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The people in your life

 

It might be difficult for you to tell the people around you that you have metastatic breast cancer. It can be difficult to explain what metastatic breast cancer is, and it can also be hard to deal with the emotional responses of others during this time. Yet, despite these difficulties, most people find that speaking openly about their situation helps their relationships during this time.

At the same time as you need to deal with your diagnosis, your family needs to deal with it as well. There’s no easy way of telling them that you have advanced disease and what it is. – Nina

Partners

Many people with metastatic breast cancer worry about their partner’s response to their illness. It’s normal for partners to be just as overwhelmed as you. Partners often feel they cannot express their emotions without upsetting the person they love. Many male partners often feel they need to be strong and become distressed as they cannot ‘fix’ the situation.

Living with a life-limiting illness can either bring couples closer or drive them apart. Emotions are complex for both people. Intimacy can become difficult due to reduced sexual confidence, a lowered libido and tiredness. Most people find that, although difficult, speaking openly helps their relationships during this time. Many partners benefit from speaking to someone, such as cancer nurse at the Cancer Council Information and Support Service on 13 11 20 or a counsellor.

Children

For many people, the most distressing thing about their diagnosis is their concern for their children.

It is tempting to think that keeping the diagnosis a secret from children will protect them, but if they find out that you haven’t been honest with them they are likely to feel angry and resentful when they do discover the truth.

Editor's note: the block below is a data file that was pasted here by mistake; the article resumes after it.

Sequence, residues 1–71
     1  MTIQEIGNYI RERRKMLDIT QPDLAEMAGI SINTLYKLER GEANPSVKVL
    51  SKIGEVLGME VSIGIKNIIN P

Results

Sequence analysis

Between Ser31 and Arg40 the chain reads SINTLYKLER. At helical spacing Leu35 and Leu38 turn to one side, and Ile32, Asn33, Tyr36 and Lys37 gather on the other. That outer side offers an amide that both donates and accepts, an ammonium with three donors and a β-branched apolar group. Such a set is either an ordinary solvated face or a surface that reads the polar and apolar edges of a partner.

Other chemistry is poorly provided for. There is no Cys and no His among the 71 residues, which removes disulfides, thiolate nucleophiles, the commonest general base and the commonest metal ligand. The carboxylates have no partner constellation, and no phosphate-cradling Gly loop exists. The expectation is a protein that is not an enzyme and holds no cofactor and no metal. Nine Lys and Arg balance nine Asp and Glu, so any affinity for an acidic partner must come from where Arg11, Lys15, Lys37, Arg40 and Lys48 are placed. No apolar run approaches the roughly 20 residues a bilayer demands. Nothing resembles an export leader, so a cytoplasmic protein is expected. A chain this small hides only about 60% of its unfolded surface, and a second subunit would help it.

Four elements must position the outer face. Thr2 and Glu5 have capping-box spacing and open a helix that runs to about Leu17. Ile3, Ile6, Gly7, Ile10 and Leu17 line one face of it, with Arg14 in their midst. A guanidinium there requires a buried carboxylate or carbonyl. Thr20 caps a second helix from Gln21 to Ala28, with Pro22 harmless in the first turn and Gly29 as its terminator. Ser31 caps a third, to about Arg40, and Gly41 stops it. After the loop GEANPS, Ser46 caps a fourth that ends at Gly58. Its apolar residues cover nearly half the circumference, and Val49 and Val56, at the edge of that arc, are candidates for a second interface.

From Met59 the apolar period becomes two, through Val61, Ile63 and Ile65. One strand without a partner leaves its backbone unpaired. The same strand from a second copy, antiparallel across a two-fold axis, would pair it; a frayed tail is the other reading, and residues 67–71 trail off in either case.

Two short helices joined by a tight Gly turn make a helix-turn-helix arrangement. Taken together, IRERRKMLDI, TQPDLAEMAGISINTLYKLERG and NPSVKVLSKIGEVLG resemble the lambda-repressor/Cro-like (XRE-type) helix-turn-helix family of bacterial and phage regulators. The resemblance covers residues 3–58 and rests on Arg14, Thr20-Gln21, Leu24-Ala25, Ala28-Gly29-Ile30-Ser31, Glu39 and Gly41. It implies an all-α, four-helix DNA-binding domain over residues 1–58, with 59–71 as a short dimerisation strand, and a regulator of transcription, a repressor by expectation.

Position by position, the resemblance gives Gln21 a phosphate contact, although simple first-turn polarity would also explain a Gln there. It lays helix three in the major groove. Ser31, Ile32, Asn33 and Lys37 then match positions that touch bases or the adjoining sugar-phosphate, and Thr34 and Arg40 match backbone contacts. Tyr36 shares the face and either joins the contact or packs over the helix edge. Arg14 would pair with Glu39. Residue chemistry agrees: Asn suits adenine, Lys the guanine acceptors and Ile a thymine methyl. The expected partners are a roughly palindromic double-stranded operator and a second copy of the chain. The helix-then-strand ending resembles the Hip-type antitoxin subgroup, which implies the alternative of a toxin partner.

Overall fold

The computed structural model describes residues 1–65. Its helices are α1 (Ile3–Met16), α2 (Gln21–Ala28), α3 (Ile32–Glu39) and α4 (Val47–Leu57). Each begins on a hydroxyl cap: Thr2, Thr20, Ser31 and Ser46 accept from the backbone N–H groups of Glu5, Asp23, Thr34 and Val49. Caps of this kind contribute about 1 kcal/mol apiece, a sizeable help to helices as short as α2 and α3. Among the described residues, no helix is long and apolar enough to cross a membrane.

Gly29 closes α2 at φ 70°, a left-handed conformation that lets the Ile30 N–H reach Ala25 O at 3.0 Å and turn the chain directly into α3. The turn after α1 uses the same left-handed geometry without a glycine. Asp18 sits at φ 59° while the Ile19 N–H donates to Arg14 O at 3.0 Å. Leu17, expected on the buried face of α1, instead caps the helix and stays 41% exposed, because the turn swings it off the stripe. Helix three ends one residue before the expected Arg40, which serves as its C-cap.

Children also tend to sense when something is wrong and can blame themselves if a clear explanation of the situation isn’t given to them.

Hope & Hurdles explains how a child’s age relates to their likely response to cancer in the family and gives some advice on talking to children in different age groups.

Parents

It can be very difficult to tell your parents about a diagnosis of metastatic breast cancer. Depending on their age and circumstances, they may already be coping with their own medical problems and may even be relying on you for help and support.

Remember, parents do not have to be told straight away as metastatic breast cancer is not an emergency. Some people decide not to tell their parents at all, perhaps because their relationship is complex, or they don’t think their parents will cope with the news. The choice is yours and you need to do what is right for you.

I was living in a different state and my mother was very elderly, so I asked my sister to tell her about my diagnosis. I knew how sad and shocked she would be. – Becky

Your parents’ attitude to cancer may date back many years, or even decades. For this reason, it’s important to check their level of understanding and let them know about advances in treatments. This will help them understand what your diagnosis really means.